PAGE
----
A Hazardous business? Chelsea singing financial blues but should rebound next year

By David Owen

January 2 – Chelsea, the West London club whose new young team has surprised many this season with the spirit and consistency of their play under former talisman Frank Lampard, has reported a hefty loss for the year to end-June 2019.

The Blues used a New Year’s Eve statement on the club website to disclose a loss of £96.6 million for the corporate entity Chelsea FC plc. The club insisted, however, that it continued to comply with European football body UEFA’s break-even criteria under the Financial Fair Play (FFP) regulations.

The club recently had a FIFA-imposed two-window transfer ban halved by the Court of Arbitration for Sport (CAS). This has cleared it to re-enter the market this month, should it see fit to draft in some experience to supplement the verve and energy of the likes of Oluwafikayomi Tomori, Mason Mount and Tammy Abraham.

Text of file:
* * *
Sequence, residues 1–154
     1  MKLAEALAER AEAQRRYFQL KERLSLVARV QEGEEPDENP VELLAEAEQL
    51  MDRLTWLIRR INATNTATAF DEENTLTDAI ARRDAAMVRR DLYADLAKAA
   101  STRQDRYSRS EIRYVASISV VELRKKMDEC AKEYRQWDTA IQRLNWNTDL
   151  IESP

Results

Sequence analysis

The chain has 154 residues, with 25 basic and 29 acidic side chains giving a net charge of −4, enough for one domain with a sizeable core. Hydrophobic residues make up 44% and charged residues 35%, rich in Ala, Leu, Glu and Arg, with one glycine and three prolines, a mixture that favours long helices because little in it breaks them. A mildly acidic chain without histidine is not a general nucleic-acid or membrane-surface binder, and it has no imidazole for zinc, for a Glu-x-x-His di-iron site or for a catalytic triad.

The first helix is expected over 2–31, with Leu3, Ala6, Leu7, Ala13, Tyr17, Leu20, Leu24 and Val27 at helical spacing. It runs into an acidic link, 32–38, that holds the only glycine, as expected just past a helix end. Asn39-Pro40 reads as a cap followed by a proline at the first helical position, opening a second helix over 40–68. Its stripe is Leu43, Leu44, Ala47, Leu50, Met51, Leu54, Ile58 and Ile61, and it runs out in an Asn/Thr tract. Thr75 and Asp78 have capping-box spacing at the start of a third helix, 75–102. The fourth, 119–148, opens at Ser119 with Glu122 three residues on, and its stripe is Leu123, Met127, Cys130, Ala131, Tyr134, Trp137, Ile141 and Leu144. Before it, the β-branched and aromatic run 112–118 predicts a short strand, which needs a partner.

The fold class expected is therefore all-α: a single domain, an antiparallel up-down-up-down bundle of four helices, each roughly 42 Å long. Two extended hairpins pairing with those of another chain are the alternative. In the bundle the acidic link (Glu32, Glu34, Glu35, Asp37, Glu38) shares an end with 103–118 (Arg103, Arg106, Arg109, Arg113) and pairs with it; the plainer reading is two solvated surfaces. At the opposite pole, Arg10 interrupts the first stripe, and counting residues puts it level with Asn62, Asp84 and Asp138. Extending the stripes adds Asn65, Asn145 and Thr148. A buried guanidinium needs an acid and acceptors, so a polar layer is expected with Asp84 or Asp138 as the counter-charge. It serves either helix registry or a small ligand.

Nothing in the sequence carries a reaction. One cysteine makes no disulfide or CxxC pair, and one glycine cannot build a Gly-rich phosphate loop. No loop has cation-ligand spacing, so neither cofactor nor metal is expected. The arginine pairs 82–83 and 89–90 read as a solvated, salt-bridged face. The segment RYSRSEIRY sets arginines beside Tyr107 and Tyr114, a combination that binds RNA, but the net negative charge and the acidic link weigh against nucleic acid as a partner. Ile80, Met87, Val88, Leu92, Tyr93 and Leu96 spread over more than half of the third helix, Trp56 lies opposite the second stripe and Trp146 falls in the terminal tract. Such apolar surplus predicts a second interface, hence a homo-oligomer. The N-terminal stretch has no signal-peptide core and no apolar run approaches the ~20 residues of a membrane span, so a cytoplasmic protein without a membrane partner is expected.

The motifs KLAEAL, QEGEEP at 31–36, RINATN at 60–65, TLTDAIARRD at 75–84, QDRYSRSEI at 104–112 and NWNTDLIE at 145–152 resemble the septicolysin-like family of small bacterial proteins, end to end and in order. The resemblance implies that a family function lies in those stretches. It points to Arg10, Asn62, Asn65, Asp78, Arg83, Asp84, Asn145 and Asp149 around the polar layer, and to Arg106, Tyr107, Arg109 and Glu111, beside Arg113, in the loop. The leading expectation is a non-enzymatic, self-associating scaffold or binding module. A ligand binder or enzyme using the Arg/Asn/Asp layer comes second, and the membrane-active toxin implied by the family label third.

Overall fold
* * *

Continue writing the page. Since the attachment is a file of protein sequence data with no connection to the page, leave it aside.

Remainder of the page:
The results statement did not make it clear whether the loss took account of the transfer of star player Eden Hazard, who left for Real Madrid in a big money deal in the close season. On the assumption that it did not, a strong turnaround in profitability can probably be anticipated in 2019-20: the vast majority of the Belgian playmaker’s reported €100 million fee should go straight to the bottom line.

The 2018-19 figures will have included the sale of another Belgian international to Real Madrid, namely Thibaut Courtois. This was more than offset, however, by the impact of a raft of new signings. Chelsea said it “invested a record £280.6 million in the playing squad during the year”. Acquisitions included new goalkeeper Kepa Arrizabalaga, along with Christian Pulisic, Mateo Kovačić and Jorginho.

All told, turnover for a season in which the club won the Europa League under Maurizio Sarri, crept up to £446.7 million. Revenue from commercial activities, which weighed in at £165.4 million in 2017-18, was said to have risen by £14.5 million. Both broadcasting and matchday turnover were, by contrast, down – the latter by £7.3 million, or not far off 10%, the former by £3.9 million to just above £200 million.

Few other details were provided. Chairman Bruce Buck said the club was “well placed to sustain its pursuit of success both on and off the pitch as well as maintain its financial stability over the coming years”. More detail should emerge when the accounts reach Companies House.

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